The Durban Climate Change Conference concluded a few days back, with environment and forests minister Jayanti Natarajan hammering in the last nail in the coffin of India’s long-standing position that all global negotiations should happen with equity as a basis. The global media is claiming that a “historic” deal has been brokered at the Durban conference – they are quick to remind us that Kyoto Protocol as well as the UN-sponsored multilateral negotiation process has somehow been rescued against all odds.
The Durban conference is indeed historic, for the process that began in Copenhagen is now almost complete. The final agreement signed (called the Durban Platform for Enhanced Action) essentially bids an official goodbye to the basic premise of the Kyoto Protocol – “common but differentiated responsibilities” for different countries. Yes, the conference has ensured a second term for the beleaguered Kyoto Protocol (till 2017 or 2020, the final term will be decided at Doha next year), and paved the way for a new protocol. However, this new protocol will be based on a fundamentally different premise from Kyoto. Now, the difference between developed and developing countries has been wiped out, meaning that starting from 2020, even countries like China, India, Brazil and South Africa will have to accept binding commitments on greenhouse gas emissions.
Jayanti Natarajan and the UPA are now claiming that the final text has left enough “vagueness” to ensure that India’s “right to grow” will be protected. What has the Durban conference decided? That countries have agreed to launch “a process to develop a protocol, another legal instrument or an agreed outcome with legal force”. The term “legal force” was added at India’s insistence, and we are now being told to believe that there is a substantial difference in “legal instrument” and “outcome with a legal force”!
Also, at Durban, India’s proposal on equity has been added in the work plan for the next conference. The decision on the Long Term Cooperative Action (LCA) accepts that the issue of equitable access to sustainable development must be debated and reported back at the next climate change meeting at Doha. Exactly how “equity” will be addressed when the very foundation of the new protocol is inequitable is anyone’s guess.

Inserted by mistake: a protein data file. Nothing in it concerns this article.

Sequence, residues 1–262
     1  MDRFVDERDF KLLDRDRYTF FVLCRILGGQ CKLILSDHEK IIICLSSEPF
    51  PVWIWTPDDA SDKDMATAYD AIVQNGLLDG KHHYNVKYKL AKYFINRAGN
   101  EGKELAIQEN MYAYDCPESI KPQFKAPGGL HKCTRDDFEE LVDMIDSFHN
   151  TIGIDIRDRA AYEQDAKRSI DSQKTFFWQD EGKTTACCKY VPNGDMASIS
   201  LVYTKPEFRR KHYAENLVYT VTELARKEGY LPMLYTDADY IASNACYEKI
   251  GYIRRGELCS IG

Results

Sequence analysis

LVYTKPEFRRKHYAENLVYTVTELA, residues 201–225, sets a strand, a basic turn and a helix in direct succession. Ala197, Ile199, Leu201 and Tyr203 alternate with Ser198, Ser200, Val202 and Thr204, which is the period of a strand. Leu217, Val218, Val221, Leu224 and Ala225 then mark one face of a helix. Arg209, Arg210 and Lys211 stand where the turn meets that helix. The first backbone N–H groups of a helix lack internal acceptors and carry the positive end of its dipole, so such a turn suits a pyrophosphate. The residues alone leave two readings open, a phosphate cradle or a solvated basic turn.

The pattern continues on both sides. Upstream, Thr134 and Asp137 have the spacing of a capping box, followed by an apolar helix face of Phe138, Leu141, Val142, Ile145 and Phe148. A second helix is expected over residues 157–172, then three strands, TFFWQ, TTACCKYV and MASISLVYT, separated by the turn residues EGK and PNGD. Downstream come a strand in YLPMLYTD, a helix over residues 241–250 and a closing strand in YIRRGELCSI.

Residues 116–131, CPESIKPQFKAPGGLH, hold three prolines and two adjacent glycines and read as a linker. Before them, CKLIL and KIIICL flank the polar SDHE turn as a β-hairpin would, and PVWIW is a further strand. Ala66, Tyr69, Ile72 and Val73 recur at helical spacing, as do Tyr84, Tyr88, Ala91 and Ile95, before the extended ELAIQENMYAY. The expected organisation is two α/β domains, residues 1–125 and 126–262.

Of course, since the basic premise of equity has been left out of the ambit of the new protocol, the US (having refused to be part of the Kyoto Protocol which had differentiated the responsibilities of developed and developing countries on the basis of historic contributions to global greenhouse gas emissions) is now more than happy to have won a major ideological victory. For the US, a global regime based on equity is completely unacceptable. For many years now, it has been running a vitriolic campaign against developing countries, especially India and China. After having almost single-handedly sabotaged any meaningful action to counter climate change by refusing to sign the Kyoto Protocol, the US has frequently portrayed India as “obstructionist”, a “deal-breaker” and “global governance’s biggest headache”! It has stubbornly refused to accept responsibilities for historic emissions, and for the obscenely high per-capita emissions in the US. Now that India, China, Brazil, South Africa and other countries have agreed to accept legally binding emissions, the US now has no excuse left.
Apart from the crucial question of legally binding commitments, the other important issues at climate change conference have been funding for mitigation of greenhouse gas emissions, as well as technology transfer. The Durban conference has agreed to set up a Green Climate Fund. Because of opposition from key developing countries, the World Bank and the Global Environmental Facility will not run this fund. And predictably, especially since this fund may not be controlled by the World Bank and other US stooges, developed countries are already showing a reluctance to contribute to this global fund. So we have a “Green Climate Fund” with no real or promised money! While there are specific timelines for actions or requirements for developing countries to meet, developed countries have as of now refused to commit either finance or technology.
It is clear that a deal was struck at Durban to somehow safeguard the multilateral negotiation process and the UN’s reputation and legitimacy in bringing together all countries onto the negotiating table. However, the climate change negotiations have revealed once more the deeply unequal nature of global negotiations – which not surprisingly lead to weak deals protecting the rich and the powerful and where developing and poor countries constantly find themselves fire-fighting against unfair conditions.